in NEW YORK
Shares of Chrysler Corporation soared on Wall Street last night as its former boss, Lee Iacocca, joined the reclusive US billionaire Kirk Kerkorian to announce a takeover bid for the US car giant worth more than $20bn (£12.6bn).
The takeover would be the second-biggest in American corporate history, coming second only to the $25bn buyout of RJR Nabisco by Kohlberg Kravis Roberts in 1989.
There remained doubts, however, about the seriousness of the bid, announced by Mr Kerkorian's Las Vegas-based Tracinda Corporation.
Mr Kerkorian already holds 10 per cent of Chrysler, the number three American car manufacturer after General Motors and Ford. Tracinda said it was offering $55 a share, valuing the company at $22.8bn and representing a 40 per cent premium on the Tuesday closing price of $39.25 a share. The shares climbed to $50 on Wall Street yesterday.
Tracinda said that Mr Iacocca would join Mr Kerkorian as a "substantial investor in this transaction". Mr Iacocca said he would not resume his old job at the car group. He attained legendary status in corporate America by rescuing Chrysler from virtual oblivion in the 1980s before leaving in 1992, since when the company has been thriving.
Uncertainties about the deal rested with the absence of any detail on how it would be financed. Nor by last night had Chrysler received any written notification from Tracinda. Some analysts wondered whether Mr Kerkorian might be trying to pressure Chrysler into buying back his stock, while others argued that the Detroit company was worth more than $55 a share.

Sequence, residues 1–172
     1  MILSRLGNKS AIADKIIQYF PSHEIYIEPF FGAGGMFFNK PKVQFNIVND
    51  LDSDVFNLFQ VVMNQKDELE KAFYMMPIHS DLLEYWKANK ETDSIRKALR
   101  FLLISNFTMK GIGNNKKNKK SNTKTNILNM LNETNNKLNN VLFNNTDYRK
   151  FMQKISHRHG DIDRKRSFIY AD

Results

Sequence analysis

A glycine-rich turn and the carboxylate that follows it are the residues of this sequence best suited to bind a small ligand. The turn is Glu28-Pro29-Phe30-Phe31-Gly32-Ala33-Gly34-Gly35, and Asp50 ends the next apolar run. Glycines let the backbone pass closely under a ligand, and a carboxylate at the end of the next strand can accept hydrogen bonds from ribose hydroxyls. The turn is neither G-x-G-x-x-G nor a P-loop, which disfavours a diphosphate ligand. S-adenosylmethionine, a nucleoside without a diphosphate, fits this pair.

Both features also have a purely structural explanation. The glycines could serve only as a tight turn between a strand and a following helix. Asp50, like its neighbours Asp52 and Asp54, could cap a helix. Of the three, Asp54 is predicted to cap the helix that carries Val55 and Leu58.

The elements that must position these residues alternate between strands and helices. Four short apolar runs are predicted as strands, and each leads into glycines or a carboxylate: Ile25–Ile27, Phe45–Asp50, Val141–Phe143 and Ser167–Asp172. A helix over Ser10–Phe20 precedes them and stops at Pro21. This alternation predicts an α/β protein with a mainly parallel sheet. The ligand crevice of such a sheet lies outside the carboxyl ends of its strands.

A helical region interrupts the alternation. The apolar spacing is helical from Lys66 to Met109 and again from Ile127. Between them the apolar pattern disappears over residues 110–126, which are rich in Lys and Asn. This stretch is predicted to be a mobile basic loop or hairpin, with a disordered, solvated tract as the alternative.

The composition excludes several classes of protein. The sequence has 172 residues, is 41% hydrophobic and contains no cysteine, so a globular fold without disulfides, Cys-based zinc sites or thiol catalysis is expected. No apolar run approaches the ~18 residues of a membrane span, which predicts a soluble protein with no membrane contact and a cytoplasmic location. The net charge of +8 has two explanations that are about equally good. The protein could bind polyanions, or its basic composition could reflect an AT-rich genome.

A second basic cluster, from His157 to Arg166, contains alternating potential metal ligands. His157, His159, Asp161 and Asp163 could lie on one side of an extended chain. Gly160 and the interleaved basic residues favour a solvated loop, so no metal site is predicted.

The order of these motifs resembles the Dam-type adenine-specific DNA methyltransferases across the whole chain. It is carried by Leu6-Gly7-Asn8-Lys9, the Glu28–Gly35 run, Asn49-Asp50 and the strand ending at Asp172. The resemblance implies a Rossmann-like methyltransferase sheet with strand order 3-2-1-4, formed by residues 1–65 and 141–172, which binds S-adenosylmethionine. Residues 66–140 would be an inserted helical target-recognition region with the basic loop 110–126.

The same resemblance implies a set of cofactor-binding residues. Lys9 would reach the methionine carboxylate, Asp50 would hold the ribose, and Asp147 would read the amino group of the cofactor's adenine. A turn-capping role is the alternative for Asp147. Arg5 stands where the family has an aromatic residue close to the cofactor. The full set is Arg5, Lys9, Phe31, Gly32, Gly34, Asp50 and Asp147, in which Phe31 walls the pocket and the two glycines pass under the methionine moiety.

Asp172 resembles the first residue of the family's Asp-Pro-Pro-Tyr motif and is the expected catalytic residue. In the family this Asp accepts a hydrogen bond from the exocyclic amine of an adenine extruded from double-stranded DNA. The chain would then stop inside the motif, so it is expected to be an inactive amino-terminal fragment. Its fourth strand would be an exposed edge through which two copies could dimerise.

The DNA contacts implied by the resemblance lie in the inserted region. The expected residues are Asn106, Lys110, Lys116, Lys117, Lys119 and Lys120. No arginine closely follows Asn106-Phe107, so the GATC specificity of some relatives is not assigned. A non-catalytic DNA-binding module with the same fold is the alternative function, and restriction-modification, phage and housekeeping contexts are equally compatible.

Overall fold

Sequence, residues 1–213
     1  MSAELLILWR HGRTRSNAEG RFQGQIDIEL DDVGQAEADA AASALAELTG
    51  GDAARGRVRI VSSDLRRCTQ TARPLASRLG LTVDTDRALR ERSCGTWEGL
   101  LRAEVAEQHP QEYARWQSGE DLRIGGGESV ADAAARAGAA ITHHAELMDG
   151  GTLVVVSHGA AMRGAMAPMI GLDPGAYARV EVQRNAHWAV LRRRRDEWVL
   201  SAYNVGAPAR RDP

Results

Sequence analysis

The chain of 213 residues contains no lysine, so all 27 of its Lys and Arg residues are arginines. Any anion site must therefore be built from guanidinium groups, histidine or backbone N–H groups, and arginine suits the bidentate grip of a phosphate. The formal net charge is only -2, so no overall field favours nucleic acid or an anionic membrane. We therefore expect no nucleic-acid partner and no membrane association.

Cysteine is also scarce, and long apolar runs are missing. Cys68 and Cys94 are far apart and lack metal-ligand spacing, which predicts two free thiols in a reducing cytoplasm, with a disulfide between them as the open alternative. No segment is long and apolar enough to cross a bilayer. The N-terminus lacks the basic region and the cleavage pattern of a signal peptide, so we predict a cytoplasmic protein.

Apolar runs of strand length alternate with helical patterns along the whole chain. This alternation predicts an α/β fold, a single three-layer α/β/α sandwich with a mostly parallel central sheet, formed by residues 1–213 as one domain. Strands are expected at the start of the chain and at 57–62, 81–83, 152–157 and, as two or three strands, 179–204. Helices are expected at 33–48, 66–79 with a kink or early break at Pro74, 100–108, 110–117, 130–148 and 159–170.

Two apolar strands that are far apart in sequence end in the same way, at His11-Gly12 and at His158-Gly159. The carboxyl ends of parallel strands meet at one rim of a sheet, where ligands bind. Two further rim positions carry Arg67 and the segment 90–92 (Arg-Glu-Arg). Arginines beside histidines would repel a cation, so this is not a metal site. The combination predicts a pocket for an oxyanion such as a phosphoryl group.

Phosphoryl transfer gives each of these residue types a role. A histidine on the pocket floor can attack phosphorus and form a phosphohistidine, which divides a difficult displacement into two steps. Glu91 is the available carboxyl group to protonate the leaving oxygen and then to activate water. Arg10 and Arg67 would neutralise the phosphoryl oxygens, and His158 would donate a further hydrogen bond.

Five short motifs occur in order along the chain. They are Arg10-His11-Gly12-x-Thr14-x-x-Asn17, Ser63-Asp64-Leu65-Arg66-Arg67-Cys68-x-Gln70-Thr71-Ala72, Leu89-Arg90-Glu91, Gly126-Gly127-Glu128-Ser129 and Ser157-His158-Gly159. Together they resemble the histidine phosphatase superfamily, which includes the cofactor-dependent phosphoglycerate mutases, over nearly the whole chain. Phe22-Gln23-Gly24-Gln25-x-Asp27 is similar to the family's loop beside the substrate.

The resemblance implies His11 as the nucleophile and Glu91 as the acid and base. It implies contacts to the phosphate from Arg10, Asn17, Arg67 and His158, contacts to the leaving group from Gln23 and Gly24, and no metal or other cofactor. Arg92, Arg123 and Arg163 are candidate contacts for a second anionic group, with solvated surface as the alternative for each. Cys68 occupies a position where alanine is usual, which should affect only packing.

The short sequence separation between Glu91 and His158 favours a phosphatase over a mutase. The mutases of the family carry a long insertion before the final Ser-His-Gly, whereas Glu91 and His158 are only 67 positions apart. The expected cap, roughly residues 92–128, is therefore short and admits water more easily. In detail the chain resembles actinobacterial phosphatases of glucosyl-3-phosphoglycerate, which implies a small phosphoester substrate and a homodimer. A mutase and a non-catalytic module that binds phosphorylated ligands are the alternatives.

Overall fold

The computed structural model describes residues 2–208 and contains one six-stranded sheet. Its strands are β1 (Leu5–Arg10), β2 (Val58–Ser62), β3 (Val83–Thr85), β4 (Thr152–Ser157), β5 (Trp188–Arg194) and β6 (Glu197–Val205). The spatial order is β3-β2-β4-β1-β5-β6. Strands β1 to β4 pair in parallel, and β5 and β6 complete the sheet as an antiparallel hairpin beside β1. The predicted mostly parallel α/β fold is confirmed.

"This is the biggest bombshell we have ever had in the stock market," Joseph Philippi, a car industry analyst with Lehman Brothers, said, noting that Tracinda had said the transaction would not be leveraged by the sale of assets.
But he added: "If you want to work through the fundamental analysis and look at the kind of multiple this company deserves, it's worth more than $55 in the longer term as a going concern."
Chrysler itself, however, appeared to be taking the development seriously. Bob Eaton, Mr Iacocca's successor at the company, was due to give a breakfast address at the New York car show yesterday morning, but cancelled to return to Detroit. The company is looking for a strategy adviser.
After years of painful restructuring, all three US manufacturers have enjoyed buoyant profits and record output in the past 12 months. Only in the first quarter of this year has there been any sign of the boom turning back down. Chrysler's first-quarter earnings for 1995, due out today, are widely expected to show a softening over 1994's performance.
Last year, Chrysler earned $3.7bn, its most profitable year in history. Its turnaround against strong Japanese competition has been due in part to its strong presence in the mini-van market and the popularity of its Jeep Cherokee models. Mr Kerkorian has long been known to feel frustrated with the relatively low price of Chrysler stock on the market, however.
In its statement yesterday, Tracinda said: "We think that Chrysler shareholders will welcome our offer which enables them to realise significantly increased value for their stock".
Tracinda indicated it would be sending a formal letter of notification of its bid to Chrysler late last night or this morning.
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